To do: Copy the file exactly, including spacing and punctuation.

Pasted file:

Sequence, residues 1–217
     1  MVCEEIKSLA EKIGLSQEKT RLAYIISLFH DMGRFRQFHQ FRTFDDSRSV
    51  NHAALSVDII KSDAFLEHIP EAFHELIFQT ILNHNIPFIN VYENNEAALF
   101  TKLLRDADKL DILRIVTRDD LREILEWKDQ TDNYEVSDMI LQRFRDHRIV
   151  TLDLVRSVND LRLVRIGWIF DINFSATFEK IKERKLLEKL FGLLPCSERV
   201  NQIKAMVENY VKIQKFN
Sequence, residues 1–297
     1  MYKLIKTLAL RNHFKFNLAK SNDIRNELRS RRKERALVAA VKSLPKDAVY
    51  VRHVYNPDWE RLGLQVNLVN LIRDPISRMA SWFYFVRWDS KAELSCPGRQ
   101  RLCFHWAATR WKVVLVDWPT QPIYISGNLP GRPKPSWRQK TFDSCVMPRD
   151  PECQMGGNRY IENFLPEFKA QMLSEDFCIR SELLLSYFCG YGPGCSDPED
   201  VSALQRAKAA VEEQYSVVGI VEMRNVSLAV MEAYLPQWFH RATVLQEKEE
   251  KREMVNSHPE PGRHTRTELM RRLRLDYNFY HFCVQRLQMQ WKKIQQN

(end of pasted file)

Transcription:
Sequence, residues 1–217
     1  MVCEEIKSLA EKIGLSQEKT RLAYIISLFH DMGRFRQFHQ FRTFDDSRSV
    51  NHAALSVDII KSDAFLEHIP EAFHELIFQT ILNHNIPFIN VYENNEAALF
   101  TKLLRDADKL DILRIVTRDD LREILEWKDQ TDNYEVSDMI LQRFRDHRIV
   151  TLDLVRSVND LRLVRIGWIF DINFSATFEK IKERKLLEKL FGLLPCSERV
   201  NQIKAMVENY VKIQKFN
Sequence, residues 1–297
     1  MYKLIKTLAL RNHFKFNLAK SNDIRNELRS RRKERALVAA VKSLPKDAVY
    51  VRHVYNPDWE RLGLQVNLVN LIRDPISRMA SWFYFVRWDS KAELSCPGRQ
   101  RLCFHWAATR WKVVLVDWPT QPIYISGNLP GRPKPSWRQK TFDSCVMPRD
   151  PECQMGGNRY IENFLPEFKA QMLSEDFCIR SELLLSYFCG YGPGCSDPED
   201  VSALQRAKAA VEEQYSVVGI VEMRNVSLAV MEAYLPQWFH RATVLQEKEE
   251  KREMVNSHPE PGRHTRTELM RRLRLDYNFY HFCVQRLQMQ WKKIQQN